a)the assertion is in a record filed with the bureau of vital statistics;
b) he is voluntarily named as the child’s father; or
c) he promised in a record to support the child as his own; or
5. during the first two years of the child’s life, he continuously resided in the household in which the child resided and he represented to others that the child was his own.
If the above applies to you and you have established legal standing to support that you are “the father,” what are your rights and duties as the Texas Family Code Sec. 151.001 states:
§ 151.001. Rights and Duties of Parent
(a) A parent of a child has the following rights and duties:
(1) the right to have physical possession, to direct the moral and religious training, and to designate the residence of the child;
(2) the duty of care, control, protection, and reasonable discipline of the child;
(3) the duty to support the child, including providing the child with clothing, food, shelter, medical and dental care, and education;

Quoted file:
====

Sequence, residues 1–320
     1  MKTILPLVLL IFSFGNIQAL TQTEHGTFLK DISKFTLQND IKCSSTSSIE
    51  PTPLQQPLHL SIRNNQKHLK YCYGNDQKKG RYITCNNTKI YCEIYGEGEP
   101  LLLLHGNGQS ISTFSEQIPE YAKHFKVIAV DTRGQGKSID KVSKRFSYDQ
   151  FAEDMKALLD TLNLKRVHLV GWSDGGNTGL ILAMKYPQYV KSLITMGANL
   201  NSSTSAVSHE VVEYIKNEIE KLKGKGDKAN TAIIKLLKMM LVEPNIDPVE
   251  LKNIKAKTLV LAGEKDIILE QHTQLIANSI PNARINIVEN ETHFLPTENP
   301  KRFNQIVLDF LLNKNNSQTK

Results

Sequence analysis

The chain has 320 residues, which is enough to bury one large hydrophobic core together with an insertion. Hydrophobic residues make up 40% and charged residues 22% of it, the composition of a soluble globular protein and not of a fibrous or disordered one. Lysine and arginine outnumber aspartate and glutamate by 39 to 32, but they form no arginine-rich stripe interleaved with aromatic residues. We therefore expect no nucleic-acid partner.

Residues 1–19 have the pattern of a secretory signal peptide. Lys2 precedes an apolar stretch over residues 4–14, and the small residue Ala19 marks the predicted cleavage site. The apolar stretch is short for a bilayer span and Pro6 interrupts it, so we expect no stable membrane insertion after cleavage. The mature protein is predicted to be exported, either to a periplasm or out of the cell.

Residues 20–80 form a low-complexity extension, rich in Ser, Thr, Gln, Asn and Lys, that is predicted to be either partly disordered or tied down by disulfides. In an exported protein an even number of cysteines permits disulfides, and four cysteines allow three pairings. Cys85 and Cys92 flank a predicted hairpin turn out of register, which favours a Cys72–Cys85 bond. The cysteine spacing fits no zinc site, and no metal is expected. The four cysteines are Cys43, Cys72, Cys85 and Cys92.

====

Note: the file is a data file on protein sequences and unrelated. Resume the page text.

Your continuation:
(4) the duty, except when a guardian of the child’s estate has been appointed, to manage the estate of the child, including the right as an agent of the child to act in relation to the child’s estate if the child’s action is required by a state, the United States, or a foreign government;
(5) except as provided by Section 264.0111, the right to the services and earnings of the child;
(6) the right to consent to the child’s marriage, enlistment in the armed forces of the United States, medical and dental care, and psychiatric, psychological, and surgical treatment;
(7) the right to represent the child in legal action and to make other decisions of substantial legal significance concerning the child;
(8) the right to receive and give receipt for payments for the support of the child and to hold or disburse funds for the benefit of the child;
(9) the right to inherit from and through the child;
(10) the right to make decisions concerning the child’s education; and
(11) any other right or duty existing between a parent and child by virtue of law.
Both parents have these rights unless a court order has created, modified, ordered, or delegated the statuary rights of a parent. The rights you have will support and empower you in a hands on relationship with your child.
All parents have the right to have a relationship with their children! One misguided parent may attempt to employ parental alienation to hurt the other parent and cause the child to be denied a loving relationship with the other parent. Know your rights and contact an attorney who can help you and your child fulfill a meaningful relationship!